JICA will fund 85% of the total cost through a loan at a concessional rate of yen-London Interbank Offered Rate plus 0.1% for the project activities, and 0.01% for consulting services, with a 30-year repayment period, including a 10-year grace period.[107][108] JICA and the MMRDA signed the agreement to disburse the first tranche of the loan on 31 March 2017. The first tranche of Rs. 7,910 crore (US$1.1 billion) is about 45% of the total project cost. The MMRDA will bear 1.2% of the project cost, and the remaining amount will be borne by the State Government. The MMRDA allocated ₹1,200 crore (US$170 million) towards the project in its budget for the 2017-18 fiscal.

Prior to the submission of bids for the project, the MMRDA estimated the project cost at Rs. 14,137 crore (US$2.0 billion). The actual contract for the project was awarded to three bidders at a combined cost of ₹14,262 crore (US$2.0 billion) in November 2017.[112] MMRDA officials stated that they expected the cost to reduce by 6% as a result of the Union Government's decision to lower the goods and services tax (GST) for construction work from 18% to 12%. The revised cost of the contract would now be Rs. 13,400 crore (US$1.9 billion)

Benefits of the MTHL Project

Direct benefits

• Saving in travel time, Vehicle Operating Cost and Fuel Savings

• Accelerated growth of Navi Mumbai

• Decongestion of island city of Mumbai

• Connectivity to MbPT and JNPT Ports

• Faster access to Navi Mumbai International Airport

• Connectivity to Pune Expressway and to South India

Indirect Benefits

• Rationalization of real estate prices in Greater Mumbai

• Greater economic integration of Mumbai island with Navi Mumbai and extended regions of Pune, Goa, Panvel and Alibaug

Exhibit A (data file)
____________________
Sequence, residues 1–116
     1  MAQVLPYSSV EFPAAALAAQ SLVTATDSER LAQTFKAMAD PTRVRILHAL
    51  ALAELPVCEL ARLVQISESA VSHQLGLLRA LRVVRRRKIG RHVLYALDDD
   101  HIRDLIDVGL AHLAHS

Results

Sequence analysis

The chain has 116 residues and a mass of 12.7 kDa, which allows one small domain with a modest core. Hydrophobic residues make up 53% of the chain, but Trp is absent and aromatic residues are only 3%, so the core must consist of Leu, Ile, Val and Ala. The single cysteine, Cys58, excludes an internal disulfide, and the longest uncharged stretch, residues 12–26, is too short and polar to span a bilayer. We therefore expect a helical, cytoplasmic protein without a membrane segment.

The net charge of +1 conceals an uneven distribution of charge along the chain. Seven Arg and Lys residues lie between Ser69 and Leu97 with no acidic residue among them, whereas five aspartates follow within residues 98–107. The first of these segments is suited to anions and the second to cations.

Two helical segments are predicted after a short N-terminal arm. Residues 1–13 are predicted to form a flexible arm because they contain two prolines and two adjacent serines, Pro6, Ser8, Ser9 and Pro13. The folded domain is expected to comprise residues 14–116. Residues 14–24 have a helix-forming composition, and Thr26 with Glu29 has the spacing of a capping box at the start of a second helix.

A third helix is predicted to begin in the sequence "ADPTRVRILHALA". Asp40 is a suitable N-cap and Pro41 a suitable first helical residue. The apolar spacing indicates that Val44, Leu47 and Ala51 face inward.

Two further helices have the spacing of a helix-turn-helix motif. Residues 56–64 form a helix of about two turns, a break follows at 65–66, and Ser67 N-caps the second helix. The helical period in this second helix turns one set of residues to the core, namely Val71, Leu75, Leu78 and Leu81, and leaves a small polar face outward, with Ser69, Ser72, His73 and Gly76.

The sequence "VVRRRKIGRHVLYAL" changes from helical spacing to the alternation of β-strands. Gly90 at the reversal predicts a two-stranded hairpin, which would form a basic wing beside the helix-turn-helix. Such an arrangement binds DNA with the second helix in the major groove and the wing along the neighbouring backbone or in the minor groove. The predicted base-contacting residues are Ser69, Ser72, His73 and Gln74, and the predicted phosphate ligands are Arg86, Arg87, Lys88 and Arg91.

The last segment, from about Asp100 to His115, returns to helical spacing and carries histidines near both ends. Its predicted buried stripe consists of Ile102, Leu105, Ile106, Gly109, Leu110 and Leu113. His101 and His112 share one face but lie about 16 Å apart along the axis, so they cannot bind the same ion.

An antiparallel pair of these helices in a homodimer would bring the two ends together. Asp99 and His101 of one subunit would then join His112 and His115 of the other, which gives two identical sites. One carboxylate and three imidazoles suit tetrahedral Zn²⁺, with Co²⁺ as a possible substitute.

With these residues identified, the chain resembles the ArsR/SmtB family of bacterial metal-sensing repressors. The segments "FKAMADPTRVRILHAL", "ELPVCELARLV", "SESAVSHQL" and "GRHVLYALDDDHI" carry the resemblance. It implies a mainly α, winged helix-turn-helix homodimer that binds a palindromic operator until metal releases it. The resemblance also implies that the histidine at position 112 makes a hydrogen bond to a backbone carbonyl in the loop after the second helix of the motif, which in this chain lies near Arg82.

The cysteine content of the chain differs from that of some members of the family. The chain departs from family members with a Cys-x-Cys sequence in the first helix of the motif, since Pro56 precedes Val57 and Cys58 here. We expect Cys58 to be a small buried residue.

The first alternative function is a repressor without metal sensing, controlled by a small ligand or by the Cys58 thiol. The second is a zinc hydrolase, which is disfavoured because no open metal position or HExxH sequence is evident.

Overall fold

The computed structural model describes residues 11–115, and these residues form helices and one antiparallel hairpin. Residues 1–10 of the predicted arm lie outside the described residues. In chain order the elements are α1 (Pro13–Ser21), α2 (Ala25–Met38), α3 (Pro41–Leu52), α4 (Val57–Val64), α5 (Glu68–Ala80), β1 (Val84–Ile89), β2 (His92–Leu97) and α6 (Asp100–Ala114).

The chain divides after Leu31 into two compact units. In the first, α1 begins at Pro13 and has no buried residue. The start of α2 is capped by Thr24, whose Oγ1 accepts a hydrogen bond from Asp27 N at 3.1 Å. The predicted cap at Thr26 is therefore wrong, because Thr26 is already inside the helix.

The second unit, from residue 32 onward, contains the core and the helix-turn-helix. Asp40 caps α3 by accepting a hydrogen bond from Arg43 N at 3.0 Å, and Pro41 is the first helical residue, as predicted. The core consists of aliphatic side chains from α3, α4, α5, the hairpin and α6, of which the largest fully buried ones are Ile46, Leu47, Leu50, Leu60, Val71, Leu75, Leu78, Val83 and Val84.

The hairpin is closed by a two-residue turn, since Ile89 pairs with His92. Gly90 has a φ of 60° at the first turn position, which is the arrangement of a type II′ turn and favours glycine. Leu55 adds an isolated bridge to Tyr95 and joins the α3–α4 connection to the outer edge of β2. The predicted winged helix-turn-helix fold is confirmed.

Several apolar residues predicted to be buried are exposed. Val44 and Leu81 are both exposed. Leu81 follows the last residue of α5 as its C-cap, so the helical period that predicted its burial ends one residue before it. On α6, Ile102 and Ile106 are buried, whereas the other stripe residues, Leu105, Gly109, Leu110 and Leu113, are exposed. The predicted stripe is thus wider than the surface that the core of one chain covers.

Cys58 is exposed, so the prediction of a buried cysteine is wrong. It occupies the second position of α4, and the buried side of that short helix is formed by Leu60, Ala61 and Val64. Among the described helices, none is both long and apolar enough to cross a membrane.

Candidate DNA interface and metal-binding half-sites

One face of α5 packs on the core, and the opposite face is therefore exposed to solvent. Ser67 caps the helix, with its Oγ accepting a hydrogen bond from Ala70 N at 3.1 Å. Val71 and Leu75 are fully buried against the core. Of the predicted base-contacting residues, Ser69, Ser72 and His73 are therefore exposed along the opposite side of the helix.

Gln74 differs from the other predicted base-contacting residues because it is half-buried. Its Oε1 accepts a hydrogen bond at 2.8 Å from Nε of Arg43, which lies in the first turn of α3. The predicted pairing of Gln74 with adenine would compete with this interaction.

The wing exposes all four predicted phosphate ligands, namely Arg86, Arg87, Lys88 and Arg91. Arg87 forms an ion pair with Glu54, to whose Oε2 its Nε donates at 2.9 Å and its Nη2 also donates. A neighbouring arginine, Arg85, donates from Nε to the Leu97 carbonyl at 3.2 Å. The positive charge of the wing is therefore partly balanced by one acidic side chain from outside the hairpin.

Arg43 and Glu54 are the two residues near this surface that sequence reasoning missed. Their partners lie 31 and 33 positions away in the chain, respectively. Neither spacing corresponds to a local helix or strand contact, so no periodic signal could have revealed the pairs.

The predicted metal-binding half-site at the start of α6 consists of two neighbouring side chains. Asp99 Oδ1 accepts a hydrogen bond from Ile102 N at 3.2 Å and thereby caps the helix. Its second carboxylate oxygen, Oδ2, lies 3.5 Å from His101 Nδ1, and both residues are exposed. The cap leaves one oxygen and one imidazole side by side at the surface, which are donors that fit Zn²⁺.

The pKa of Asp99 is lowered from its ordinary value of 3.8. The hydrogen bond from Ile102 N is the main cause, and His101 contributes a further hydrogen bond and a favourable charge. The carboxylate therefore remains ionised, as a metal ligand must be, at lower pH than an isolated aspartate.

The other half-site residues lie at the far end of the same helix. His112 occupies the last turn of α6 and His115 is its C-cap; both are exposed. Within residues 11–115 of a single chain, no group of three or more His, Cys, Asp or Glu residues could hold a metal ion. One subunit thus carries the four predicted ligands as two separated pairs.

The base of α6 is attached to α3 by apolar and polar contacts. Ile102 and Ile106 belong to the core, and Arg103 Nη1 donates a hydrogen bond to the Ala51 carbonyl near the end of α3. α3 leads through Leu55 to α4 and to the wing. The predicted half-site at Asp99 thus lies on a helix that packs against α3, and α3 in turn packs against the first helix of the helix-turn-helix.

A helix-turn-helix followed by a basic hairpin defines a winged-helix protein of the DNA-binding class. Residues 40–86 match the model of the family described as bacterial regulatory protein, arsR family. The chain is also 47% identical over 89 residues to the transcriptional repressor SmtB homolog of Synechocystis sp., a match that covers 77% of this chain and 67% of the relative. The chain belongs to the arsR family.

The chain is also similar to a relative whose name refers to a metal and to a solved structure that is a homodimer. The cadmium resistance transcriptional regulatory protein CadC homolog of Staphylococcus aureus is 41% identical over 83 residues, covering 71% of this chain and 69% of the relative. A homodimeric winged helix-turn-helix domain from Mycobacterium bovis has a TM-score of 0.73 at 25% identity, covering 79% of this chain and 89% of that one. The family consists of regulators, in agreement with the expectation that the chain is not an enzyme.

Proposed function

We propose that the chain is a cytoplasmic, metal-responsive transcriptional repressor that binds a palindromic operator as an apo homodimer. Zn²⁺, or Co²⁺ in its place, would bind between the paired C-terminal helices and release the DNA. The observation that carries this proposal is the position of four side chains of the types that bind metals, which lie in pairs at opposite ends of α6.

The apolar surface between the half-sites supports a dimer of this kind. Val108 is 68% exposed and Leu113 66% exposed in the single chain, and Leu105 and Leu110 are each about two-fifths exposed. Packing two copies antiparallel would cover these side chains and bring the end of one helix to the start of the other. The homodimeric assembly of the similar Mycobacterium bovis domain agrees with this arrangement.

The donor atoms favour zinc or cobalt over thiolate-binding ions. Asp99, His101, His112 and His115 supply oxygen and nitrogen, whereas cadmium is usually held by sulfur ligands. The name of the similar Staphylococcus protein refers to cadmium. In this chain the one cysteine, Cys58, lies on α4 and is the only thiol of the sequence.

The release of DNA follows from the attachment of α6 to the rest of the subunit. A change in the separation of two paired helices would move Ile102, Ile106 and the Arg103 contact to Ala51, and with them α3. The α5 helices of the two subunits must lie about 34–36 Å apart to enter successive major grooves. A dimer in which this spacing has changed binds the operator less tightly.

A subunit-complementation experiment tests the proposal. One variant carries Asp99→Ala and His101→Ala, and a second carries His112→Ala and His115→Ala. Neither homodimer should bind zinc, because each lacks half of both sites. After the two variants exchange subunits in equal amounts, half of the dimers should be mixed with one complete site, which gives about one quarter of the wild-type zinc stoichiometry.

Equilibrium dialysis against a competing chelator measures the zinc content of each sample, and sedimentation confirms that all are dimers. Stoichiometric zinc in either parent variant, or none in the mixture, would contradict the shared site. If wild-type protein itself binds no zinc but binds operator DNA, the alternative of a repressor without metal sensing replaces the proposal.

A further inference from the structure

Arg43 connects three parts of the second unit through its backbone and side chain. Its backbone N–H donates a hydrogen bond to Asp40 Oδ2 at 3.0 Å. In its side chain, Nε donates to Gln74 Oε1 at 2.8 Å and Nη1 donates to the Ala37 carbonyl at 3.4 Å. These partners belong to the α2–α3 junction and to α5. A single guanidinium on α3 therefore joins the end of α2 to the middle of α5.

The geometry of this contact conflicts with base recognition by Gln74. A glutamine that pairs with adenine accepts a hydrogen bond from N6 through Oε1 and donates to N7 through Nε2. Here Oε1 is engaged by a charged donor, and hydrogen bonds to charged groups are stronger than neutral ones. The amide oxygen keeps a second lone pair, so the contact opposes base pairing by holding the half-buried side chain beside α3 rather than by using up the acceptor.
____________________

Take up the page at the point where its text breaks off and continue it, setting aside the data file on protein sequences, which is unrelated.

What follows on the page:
• Environment improvement and reduced pollution levels

The Project is being implemented in 4 Packages:

1. Package-1

Construction of 10.380 km long bridge section (CH 0+000 to CH10+380) across the Mumbai Bay Including Sewri Interchange.

2. Package-2

Construction of 7.807 km long bridge section (CH 10+380 –CH 18+187) across the Mumbai Bay including Shivaji Nagar Interchange.

3. Package-3

Construction of 3.613 km long viaduct section (CH 18+187 – CH 21+ 800) including interchanges at State Highway-54 and at National Highway-4B near Chirle in Navi Mumbai.

4. Package-4

Intelligent Transport Systems (ITS) includes Toll and Transport Management System and Equipment Installation for the Project. PQ for Package-4 is planned to be issued at the third Quarter of 2018.

Connectivity

The MMRDA will construct a 1.5 km long cloverleaf interchange connecting the Eastern Freeway, R.A. Kidwai Marg, Acharya Donde Marg, and the proposed elevated Sewri-Worli road, with the MTHL. The loop will be built on a 27-acre plot located east of the Sewri railway station. The plot was leased for a period of 30 years from the Mumbai Port Trust. The loop consists of two lanes branching out from the MTHL and linking with the Eastern Freeway, the proposed elevated Sewri-Worli road, and the existing at-grade Messant Road. The Coastal Road intersects the proposed 4.25 km Sewri-Worli road on Worli Seaface providing additional connectivity.

Eastern Freeway

The Eastern Freeway is a 16.9-kilometre-long (10.5 mi) controlled-access freeway, that connects P D'Mello Road in South Mumbai to the Eastern Express Highway (EEH) at Ghatkopar.

Worli – Sewri connector

The Sewri – Worli connector would connect the Bandra-Worli Sea Link and the Mumbai Trans Harbour Link. It will be a 4.5 km long cable-stayed bridge. The project is expected to cost Rs. 490 crore (US$68 million), and be completed in four years.

The MMRDA received bids from 5 companies to construct the Worli – Sewri connector. They were Simplex Infrastructures Ltd, Larsen & Toubro, Hindustan Construction Company, Gammon India and the National Construction Company (NCC). Simplex Infrastructures Ltd quoted the lowest bid (nearly 16-17% below the estimated cost of the project), followed by Larsen & Toubro (14% below the reserve price).In April 2016, DNA reported that the project had been cancelled, after previously being put "on hold" in 2015. No budgetary allocation was made for the project in the 2015-16 fiscal, and the MMRDA has no future plans to construct the connector